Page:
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Conservative MP Restates Desire for Tory-UKIP Pact

Conservative MP Restates Desire for Tory-UKIP Pact

Conservative MP Jacob Rees-Mogg has once more called for a pact between the Conservative Party and UKIP. Speaking at a meeting of the Eurosceptic Bruges Group on the fringe of the Conservative Party Conference, the MP for North East Somerset said that the British right is dangerously split and needs some sort of unity if it is to keep Labour out of power next year.

Comparing the current split in the right to the divide in the Conservative Party over the repeal of the Corn Laws in the early 19th Century, he warned that if something was not done, it could usher In 20 to 30 years of socialist government in Britain.

Rees-Mogg also reiterated his idea that Nigel Farage should be offered the position of Deputy Prime Minister in such an arrangement, something that will generate considerable controversy on the left of the Tory party.

The MP for North East Somerset also warned against being overly critical of the two Conservative MPs who have defected to UKIP. He said that UKIP members are “separated brethren” and added that Conservatives should be “generous and polite” to people have gone over to Nigel Farage’s party.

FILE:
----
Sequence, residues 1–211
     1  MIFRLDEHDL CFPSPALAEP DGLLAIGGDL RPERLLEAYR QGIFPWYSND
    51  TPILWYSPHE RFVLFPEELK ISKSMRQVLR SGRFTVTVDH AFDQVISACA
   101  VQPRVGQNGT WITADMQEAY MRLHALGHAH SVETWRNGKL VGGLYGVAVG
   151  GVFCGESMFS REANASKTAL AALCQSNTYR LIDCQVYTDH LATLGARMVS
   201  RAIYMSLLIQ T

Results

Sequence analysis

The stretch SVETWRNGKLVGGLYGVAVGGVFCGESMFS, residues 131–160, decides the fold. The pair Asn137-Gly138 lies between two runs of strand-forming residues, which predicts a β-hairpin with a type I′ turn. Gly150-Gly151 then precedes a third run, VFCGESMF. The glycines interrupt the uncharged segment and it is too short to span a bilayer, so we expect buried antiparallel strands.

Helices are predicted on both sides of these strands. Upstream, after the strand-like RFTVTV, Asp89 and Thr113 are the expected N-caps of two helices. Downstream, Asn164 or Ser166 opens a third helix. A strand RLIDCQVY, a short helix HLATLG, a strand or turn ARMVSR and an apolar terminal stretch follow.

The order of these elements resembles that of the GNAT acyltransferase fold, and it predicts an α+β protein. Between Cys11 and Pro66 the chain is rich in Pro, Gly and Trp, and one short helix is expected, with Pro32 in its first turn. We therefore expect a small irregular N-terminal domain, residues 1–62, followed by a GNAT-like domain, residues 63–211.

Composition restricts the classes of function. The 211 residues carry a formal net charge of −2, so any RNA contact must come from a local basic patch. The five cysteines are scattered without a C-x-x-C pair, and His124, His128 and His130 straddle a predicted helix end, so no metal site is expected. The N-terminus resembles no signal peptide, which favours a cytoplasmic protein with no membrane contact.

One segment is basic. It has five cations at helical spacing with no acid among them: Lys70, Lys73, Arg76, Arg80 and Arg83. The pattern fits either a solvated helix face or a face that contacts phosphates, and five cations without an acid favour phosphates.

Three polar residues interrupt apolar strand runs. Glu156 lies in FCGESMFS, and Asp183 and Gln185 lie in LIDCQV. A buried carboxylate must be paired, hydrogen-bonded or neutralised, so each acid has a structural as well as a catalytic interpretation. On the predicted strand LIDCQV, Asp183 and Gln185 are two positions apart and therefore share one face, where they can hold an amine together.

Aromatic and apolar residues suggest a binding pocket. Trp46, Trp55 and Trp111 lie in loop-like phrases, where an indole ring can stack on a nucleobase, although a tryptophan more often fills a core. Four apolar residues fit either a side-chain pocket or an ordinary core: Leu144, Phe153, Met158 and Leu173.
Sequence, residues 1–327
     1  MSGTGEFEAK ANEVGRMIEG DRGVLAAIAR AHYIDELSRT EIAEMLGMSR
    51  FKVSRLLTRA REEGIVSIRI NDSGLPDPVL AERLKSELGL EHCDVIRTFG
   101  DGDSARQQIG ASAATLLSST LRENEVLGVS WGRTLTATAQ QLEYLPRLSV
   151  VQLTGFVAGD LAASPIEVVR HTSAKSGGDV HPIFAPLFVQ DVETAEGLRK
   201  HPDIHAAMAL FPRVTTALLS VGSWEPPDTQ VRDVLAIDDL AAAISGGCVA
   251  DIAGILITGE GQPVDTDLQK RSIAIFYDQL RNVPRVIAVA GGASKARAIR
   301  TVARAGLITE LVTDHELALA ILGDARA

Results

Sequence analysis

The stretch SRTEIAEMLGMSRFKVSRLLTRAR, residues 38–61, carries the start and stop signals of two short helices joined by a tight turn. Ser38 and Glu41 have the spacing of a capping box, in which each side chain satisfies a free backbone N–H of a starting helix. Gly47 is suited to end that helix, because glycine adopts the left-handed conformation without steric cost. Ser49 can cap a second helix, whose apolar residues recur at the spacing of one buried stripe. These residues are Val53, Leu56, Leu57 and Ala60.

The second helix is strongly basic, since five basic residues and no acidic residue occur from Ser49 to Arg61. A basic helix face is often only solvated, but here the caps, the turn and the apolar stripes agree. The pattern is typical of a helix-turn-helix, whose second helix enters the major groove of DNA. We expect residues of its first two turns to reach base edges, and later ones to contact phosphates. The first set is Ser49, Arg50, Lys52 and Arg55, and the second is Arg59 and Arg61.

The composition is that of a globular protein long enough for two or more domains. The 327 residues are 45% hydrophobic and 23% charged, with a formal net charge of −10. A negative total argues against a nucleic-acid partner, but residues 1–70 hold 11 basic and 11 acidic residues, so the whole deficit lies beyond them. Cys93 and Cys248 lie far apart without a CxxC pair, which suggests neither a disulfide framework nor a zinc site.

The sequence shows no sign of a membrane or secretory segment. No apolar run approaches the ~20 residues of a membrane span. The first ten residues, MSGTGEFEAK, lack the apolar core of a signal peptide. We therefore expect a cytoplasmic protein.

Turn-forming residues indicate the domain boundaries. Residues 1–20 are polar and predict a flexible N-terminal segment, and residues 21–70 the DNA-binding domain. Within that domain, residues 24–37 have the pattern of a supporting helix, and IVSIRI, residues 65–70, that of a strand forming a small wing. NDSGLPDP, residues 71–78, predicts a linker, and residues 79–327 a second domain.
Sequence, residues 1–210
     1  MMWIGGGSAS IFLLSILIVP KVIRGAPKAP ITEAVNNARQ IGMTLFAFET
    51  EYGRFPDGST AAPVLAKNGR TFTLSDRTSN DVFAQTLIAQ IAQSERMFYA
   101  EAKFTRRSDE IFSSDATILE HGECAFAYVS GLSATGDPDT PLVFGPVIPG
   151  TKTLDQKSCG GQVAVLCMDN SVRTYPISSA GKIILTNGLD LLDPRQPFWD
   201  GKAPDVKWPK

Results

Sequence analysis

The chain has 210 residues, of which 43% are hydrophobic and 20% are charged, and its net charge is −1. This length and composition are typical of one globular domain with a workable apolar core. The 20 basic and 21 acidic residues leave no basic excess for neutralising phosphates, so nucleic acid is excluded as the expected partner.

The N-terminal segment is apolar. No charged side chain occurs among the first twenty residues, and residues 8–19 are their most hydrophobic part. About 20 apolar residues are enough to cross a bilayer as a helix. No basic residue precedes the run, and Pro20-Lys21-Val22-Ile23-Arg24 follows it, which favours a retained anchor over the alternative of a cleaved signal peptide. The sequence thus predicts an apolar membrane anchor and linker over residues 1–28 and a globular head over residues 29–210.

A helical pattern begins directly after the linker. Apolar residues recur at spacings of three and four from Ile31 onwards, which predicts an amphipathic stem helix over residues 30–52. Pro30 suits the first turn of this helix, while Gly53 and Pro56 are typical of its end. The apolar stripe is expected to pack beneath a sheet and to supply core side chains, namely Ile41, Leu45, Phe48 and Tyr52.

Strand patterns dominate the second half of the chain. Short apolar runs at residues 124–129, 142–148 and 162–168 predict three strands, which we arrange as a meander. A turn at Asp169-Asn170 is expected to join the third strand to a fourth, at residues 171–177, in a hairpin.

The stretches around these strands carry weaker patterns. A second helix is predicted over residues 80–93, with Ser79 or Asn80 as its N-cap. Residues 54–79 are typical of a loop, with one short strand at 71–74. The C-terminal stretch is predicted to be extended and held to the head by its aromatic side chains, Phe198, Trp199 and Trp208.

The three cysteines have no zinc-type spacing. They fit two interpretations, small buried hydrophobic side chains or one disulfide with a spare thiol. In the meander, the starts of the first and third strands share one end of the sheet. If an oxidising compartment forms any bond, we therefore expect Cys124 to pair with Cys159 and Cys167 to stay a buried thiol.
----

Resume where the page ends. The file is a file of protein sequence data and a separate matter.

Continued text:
Also speaking at the event, Breitbart London Executive Editor James Delingpole called for unity on the right, saying that most libertarian Tories and UKIP members share similar aims and ideas, and also lamented that so many people seem to put pragmatism ahead of grand ideas.

He added that, having known Prime Minister David Cameron at Oxford, he had seen him go “down the wrong path”, abandoning the ideology of Margaret Thatcher for something much softer.

This is the second time in the space of a month that Jacob Rees-Mogg has spoken of the need of a full pact between the two centre-right parties. Writing for the Mail on Sunday earlier this month, the MP said that, between them, the Conservatives and UKIP have nearly 50 percent of the vote, compared to the 43 percent that the left have.

He added that such a pact was necessary given Britain’s voting system, and that Nigel Farage would be a “much preferable” Prime Minister to Nick Clegg.


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